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Amid Personnel Shortage, Police Are Working to Boost Diversity

Amid a nationwide shortage of law enforcement staff, some departments are trying to increase the number of people of color and women as a solution, a move experts say could improve policing, USA Today reports. Advocates say attracting the next generation of law enforcement requires addressing historic distrust and discrimination by demonstrating that departments have made major changes in their culture, not just offering big bonuses or slashing requirements. Though hiring reportedly rebounded in 2022, agencies are losing officers faster than they can replace them and total staffing is declining, found a survey of 182 police agencies across 38 states and Washington, D.C., by the Police Executive Research Forum. Departments that previously never had to worry about filling their academies are paying attention to how they market themselves, according to Alex Johnston, co-founder of Epic Recruiting, a content creation company that works with law enforcement agencies. Johnston said when departments approach his company for help with marketing, attracting diverse candidates is often a priority.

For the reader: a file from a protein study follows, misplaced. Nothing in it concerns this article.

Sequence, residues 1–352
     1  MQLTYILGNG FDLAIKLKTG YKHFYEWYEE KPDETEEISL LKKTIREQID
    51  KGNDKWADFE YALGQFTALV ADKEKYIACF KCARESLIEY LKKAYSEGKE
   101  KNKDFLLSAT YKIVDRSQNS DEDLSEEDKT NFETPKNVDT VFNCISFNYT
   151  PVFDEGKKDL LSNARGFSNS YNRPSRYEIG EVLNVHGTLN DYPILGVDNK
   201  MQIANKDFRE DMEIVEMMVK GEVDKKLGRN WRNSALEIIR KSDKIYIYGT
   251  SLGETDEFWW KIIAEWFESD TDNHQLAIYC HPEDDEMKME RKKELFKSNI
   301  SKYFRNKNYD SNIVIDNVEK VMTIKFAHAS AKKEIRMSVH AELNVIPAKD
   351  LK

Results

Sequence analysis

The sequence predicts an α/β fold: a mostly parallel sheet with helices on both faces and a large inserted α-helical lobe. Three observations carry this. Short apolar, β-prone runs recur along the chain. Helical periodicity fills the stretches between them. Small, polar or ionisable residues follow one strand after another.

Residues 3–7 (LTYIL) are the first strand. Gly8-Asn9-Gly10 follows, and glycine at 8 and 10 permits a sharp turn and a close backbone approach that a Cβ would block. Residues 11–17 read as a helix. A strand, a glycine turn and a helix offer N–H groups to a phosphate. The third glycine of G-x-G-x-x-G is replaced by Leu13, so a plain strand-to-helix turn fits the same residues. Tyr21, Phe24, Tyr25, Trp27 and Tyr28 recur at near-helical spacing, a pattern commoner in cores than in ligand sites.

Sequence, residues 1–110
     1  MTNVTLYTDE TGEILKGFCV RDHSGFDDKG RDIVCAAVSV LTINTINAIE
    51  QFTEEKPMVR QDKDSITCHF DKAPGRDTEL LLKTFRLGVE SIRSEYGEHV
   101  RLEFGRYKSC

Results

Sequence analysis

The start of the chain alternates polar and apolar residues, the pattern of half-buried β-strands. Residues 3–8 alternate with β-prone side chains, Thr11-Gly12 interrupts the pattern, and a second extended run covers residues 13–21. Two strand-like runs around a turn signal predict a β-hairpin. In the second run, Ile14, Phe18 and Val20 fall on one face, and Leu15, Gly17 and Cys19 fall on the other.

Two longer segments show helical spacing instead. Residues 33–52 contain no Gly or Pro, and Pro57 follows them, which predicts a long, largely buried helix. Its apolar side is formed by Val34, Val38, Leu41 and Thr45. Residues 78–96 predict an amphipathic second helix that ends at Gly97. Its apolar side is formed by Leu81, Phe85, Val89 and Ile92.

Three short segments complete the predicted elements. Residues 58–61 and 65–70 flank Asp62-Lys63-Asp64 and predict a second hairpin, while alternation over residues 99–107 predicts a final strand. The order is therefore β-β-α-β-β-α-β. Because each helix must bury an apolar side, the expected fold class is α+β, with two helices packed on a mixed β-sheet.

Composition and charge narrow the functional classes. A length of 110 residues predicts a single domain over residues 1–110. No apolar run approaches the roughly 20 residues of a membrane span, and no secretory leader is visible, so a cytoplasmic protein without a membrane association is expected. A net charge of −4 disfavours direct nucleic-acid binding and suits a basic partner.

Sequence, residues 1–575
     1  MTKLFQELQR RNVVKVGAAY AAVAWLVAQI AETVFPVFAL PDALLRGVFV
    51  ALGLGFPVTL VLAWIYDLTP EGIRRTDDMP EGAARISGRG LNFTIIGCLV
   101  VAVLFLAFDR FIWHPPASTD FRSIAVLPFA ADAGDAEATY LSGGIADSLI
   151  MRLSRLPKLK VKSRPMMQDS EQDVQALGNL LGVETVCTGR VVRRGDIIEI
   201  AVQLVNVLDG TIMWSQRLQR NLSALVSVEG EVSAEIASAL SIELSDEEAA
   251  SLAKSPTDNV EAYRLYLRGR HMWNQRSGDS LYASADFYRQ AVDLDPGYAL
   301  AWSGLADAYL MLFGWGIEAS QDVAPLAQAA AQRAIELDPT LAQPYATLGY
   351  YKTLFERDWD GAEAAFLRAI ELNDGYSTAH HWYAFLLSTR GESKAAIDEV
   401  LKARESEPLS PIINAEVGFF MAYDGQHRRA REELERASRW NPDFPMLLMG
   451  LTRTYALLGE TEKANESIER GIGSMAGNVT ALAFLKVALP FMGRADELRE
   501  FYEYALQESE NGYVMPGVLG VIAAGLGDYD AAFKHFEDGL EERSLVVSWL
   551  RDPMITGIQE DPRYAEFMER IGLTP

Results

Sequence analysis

More than 14,700 law enforcement agencies employed over 708,000 full-time sworn officers in 2020, says the U.S. Bureau of Justice Statistics. In local police departments, about 14% of full-time sworn officers were women, 14% were Hispanic and 12% were Black. Though experts have said diversity alone is not enough to address all of the issues in policing, some research has shown that Black and Hispanic officers make fewer arrests and use force less often than their white counterparts and female officers take those enforcement actions less often than men. Andy Saunders, CEO of New Blue, which supports officers interested in reform, said some departments are offering as much as $75,000 in signing bonuses to attract recruits. He said more money may not be enough to attract diverse candidates. One issue is that although departments want to hire more diverse candidates, young people of color may not want to join a historically predominantly white and male organization. In addition to diversity, Gen Z candidates value transparency, social justice, and civic engagement and are more likely to join a department that shares and demonstrates those values.

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